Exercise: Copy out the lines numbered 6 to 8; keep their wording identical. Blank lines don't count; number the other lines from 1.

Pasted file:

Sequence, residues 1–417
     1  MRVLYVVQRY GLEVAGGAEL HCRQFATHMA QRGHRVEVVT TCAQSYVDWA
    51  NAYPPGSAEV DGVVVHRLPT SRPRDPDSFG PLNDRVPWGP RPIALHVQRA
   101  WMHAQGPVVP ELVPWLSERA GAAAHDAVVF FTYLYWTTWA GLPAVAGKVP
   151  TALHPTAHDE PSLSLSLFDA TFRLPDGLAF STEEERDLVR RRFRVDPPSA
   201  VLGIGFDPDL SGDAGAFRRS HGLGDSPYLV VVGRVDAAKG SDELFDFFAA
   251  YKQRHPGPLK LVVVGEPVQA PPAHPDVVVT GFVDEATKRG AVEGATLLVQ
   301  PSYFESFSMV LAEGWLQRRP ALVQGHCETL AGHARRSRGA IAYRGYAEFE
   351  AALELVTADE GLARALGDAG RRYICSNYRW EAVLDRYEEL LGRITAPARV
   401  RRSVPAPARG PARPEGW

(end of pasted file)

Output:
   201  VLGIGFDPDL SGDAGAFRRS HGLGDSPYLV VVGRVDAAKG SDELFDFFAA
   251  YKQRHPGPLK LVVVGEPVQA PPAHPDVVVT GFVDEATKRG AVEGATLLVQ
   301  PSYFESFSMV LAEGWLQRRP ALVQGHCETL AGHARRSRGA IAYRGYAEFE